A recent surge in coronavirus cases here in Michigan sees me once again working from home. Fortunately, the work I do at Stardock is pretty easily taken remote, but that doesn’t mean that certain tools don’t make that transition easier. I am, of course, talking about Fences.
In a previous blog, I gave a rundown of a bunch of the really cool customization options that Fences has to offer - but I couldn’t cover everything. I wanted to share a little bit about how I separate my workspace from my playspace while it’s all contained on the same machine, while at the same time sharing a few other Fences customization tidbits.
I would like you to know, also, that this shuffling of icons and creation of Fences was a relatively recent idea. The last work from home stint I was on, I pretty much lived in chaos: icons everywhere, mingled, mixed, and not at all matched. I’ve decided to start with a clean slate and try something new this time around. Let’s have a look!
The “Play” Monitor
This is my primary monitor. I’ve chosen to keep all of my personal stuff in fences here, making it easy for me to find while also keeping it separate from work stuff (which I’ll show you shortly). Also, don’t judge me on my gaming choices - I tried Fortnite as a favor to a friend (what I’ll never admit is how much fun I had with it, don’t @ me!).
My desktop background reflects my “play” aspect - it’s a screenshot from Final Fantasy XIV, a game I spend too much a lot of time on. I chose to keep all the Fences uniform in color and separate all of my stuff into fairly straightforward and easy-to-navigate categories.
It took me a little bit of time to clean up all of the icons I had just sitting on my desktop and organize them into this, but honestly I think it was time well spent. I also went into my Fences “sorting and organizing” options and directed where certain file types will go: for example, I adjusted it so that any saved images I have will go straight to my Pictures and Media Fence, where I can easily find it and place it where I want it to go from there.
I may fiddle with it more later, but right now I’m happy with where it’s at.
The “Work” Monitor
For the most part, I just need a word processor to perform the primary part of my job function. That said, when I write, I have to write about something - and usually that means making sure I have certain software installed so that I can explore them, much like I am now.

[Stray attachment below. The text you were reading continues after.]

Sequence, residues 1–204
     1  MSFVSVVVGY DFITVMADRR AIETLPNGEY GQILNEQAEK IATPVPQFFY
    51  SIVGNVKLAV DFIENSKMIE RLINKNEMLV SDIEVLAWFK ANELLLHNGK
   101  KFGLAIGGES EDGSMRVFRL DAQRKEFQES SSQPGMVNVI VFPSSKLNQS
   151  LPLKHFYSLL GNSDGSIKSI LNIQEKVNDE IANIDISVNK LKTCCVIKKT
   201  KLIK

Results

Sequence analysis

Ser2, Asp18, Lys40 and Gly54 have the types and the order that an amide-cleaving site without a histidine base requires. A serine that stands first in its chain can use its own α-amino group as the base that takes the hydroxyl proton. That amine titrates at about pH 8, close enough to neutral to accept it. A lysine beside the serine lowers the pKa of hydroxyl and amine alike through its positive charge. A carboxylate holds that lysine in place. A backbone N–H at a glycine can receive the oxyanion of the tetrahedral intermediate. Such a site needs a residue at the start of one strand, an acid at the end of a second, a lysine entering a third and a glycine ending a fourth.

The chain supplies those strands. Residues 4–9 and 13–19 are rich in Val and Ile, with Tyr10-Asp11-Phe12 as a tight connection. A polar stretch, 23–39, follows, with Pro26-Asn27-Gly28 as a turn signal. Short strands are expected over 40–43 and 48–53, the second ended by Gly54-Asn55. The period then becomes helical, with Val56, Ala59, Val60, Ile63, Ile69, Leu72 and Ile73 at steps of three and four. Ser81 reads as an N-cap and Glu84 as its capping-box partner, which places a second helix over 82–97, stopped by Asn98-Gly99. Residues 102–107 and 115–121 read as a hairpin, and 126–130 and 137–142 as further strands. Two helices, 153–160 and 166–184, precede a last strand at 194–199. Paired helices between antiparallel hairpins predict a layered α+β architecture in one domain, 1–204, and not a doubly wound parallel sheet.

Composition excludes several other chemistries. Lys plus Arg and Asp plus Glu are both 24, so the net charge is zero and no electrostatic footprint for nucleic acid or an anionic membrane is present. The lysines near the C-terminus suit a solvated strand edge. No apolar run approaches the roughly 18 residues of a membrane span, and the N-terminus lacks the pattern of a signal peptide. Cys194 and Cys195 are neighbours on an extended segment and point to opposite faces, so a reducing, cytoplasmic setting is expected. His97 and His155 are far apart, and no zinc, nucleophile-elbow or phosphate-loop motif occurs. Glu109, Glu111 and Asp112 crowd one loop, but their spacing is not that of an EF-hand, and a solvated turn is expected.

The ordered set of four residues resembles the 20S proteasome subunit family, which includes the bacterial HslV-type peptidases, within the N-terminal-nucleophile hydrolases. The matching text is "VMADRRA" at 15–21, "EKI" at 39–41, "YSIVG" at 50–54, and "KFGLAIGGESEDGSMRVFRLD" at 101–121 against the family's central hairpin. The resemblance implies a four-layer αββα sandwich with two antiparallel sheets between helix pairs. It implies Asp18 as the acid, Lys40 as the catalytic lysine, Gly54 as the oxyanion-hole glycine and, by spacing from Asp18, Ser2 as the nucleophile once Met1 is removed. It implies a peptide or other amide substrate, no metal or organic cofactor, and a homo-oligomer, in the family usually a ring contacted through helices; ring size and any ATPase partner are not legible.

We also wear many hats here at Stardock, which means that there are certain other functions I perform that require other programs like, for example, XSplit. There are also some folders that I access frequently via our VPN, so I created Folder Portals for them on my desktop so I don’t have to constantly go digging through Explorer for them. You can see that I have them rolled up here to conserve space.
On another note: did you know that all your fences don’t have to be uniform? I decided to have a little bit of fun with my work monitor and choose a colorful background with enough black that would make the different colors I’ve chosen for my fences really pop.
I love this separation of work and play because it lets me find things easily and helps me to segment my work from my leisure time (since I spend a lot of leisure time at my PC to begin with anyway).
Side by Side
You can see that the two monitors are extremely contrasted. I did that on purpose as a bit of a mental trick that would help me further separate the two and their varied functions. I’m not really sure that it actually works that way, but since I’ve convinced myself that it does, that should be good enough, right?
Oh, I should also mention: the reason I’m able to apply two different backgrounds to two different monitors is all thanks to DeskScapes. I’m not using anything animated right now, but one of my favorite features of DeskScapes is being able to use animated backgrounds on my PC, so definitely check that out if you haven’t!
A Fun Discovery
I’ve written a lot about our software, especially lately, but that doesn’t mean that I don’t discover something new from time to time.
I knew, for example, that Start10 perfectly integrates with Fences. What I didn’t realize, though, was that the Fences labels in the Start menu would actually match the colors that I’ve selected for the individual fences! Cool, right?
This is how I’ve made Fences work for me on multiple monitors, especially as I work from home. Do you use Fences more at work or at home, or equally at both? Share with me!